damn. i'm tired, i can't sleep (and i've tried everything). I've taken to making assorted baked goods and custards in the dead of night and giving them away for brunch in the mornings. i take a shower at two am and then i laugh hysterically at myself because my next thought is usually something like 'maybe i'll make crumb cake. maybe gabe will want some to take to school tomorrow'. i've turned into a parody of myself, and it feels a little raw around the edges, like when my lipstick has blurred and that couple of milimeters of colour changes me from 'put together' to 'crazy, possibly a slut'. i don't know, things are going well work-wise. tonight i will probably make tapioca cake. maybe i will finally figure out how to make a perfect sixty degree egg. i’m tired of having to talk to other people about their lives - i'm tired of talking about all that. man, even hal freaked out the other day and she's the calmest most evolved human out of anyone i know. show me the drugs already, anything that’ll get me to sleep.
i've been having strange dreams, but not bad ones; between the magpies scrabbling beneath my skin to find some microscopic treasure and infant beauty pageants and being stabbed in the belly by a clan somewhere between the westboro baptist church and a group of hairy biker men,
i walked to work really wanting to listen to iggy pop, so i did. street-walking cheetah/with a heart full of napalm and all - i never understood why that's always been the canonical iggy pop lyric, but recently, thinking about entrance wounds/ text/ no exits, fragments and glass growing arduously through performative skins, perhaps things are coming to a head and i should just sit down and write something. searching and destroying always seemed mindless to me, and searching-to-destroy such a masculine sentiment. searching is destroying, already, maybe, who knows.
“to study the way with the body means to study the way with your own body. It is the study of the way using this lump of red flesh. everything which comes forth from the study of the way is the true human body. […] The coming and going of birth and death is the true human body.”
my piece on BDSM went up on carnal nation today, which i could barely believe – and i guess if you’re reading this i know you’ll end up finding out some things about me that you might not understand, or want to understand – things like swapping out razors for other kinds of bruises and going to work at a place where there’s bad industrial music, too-young girls giggling at men with scary eyes and a lot of money under the table. i guess i never really had a bad experience there, but never a good one either - i always just felt compelled to go, like it would make me older or wiser, or at least teach me something about someone i didn't particularly care for, and if not then being paid to try felt good. someone's little fetish toy for an hour or so. A denial of one’s own ‘real’ body for a dream is also to open yourself up to an intense awareness of the emptiness of a flesh-core.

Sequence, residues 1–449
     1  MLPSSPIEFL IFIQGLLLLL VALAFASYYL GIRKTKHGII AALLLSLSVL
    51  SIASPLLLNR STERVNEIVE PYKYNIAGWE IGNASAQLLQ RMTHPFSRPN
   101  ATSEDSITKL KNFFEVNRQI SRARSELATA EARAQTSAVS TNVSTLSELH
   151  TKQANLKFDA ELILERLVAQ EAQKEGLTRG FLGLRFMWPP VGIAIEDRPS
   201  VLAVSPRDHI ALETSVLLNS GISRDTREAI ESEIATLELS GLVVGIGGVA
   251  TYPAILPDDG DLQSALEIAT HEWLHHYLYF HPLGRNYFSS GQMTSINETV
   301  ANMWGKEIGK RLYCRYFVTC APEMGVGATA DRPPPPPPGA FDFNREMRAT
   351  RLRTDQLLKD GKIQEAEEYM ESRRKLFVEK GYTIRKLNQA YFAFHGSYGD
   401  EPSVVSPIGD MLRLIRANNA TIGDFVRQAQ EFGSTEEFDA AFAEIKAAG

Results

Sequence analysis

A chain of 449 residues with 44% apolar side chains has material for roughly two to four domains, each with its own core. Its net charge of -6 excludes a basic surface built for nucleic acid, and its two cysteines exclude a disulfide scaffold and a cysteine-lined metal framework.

“in themselves, no. each one of them is a mirror, dedicated to the person that I particularly want to look into it. but mirrors can be arranged. the frightening hall of mirrors in a fun house is universal beyond each particular reflection.” it is not about making mirrors, for me, or bringing people to them, it is to refract into vitrious membranes (and so the maze becomes a labyrinth, warped and unpredictable, but escape never crosses the mind).
“she'll be losing her mind to a tricky voice and a full moon, and like as not, i'll be saddled with the consequences.”
i have been reading a lot of badly written detective fiction - i like the idea of a macguffin, this absent thing, this weird hole that entire plots are constructed around, when it is barely a glimmer, and because of it, stories falter and firmer surfaces give way. things resolve upwards, not downwards into some kind of interior, some kind of core (value).”'first, you find a little thread, the little thread leads you to a string, and the string leads you to a rope, and from the rope you hang by the neck. what kind of a girl was she, this friend of yours”'. but the implications of this stretch beyond the theory of gravity all the characters maintain - instead, steamy dissipations. 0ne absurd logic debunking another, exhuming stories from a hybridised flesh. the thing about noir is, everyone is a fugitive from the laughing house and the ashtrays are always full.
i've been thinking a lot about old friends and how much i've changed - some of them probably wouldn't recognise me. but hey, i'm not sure i'd like them too. i like my different worlds, but it's good for them to scrape at each other once in a while. i guess i’ve moved around a bunch and it's always this sense of feeling like a ghost-person before i decide i want to walk on the ground instead of just above it and anchor yourself in something, someplace, for me, usually someone.
it feels like the world is going to swallow me whole.
if you’re reading this, i just wanted to say – i’m sorry if anything i ever did ever hurt you. i’m sorry if i’m so selfish so often. i’m so grateful for everything you’ve done for me. i really am. and never doubt that i loved you because i did, maybe more than i ever let you know.
PS. If you need to get into my email, the password is stayBeautifu1
My house/mailbox/bike/everything else keys should be in the dish on the coffee table by the door
The bank account numbers are in my wallet and in case you need it, my ATM PIN code is 2028 (UK and US)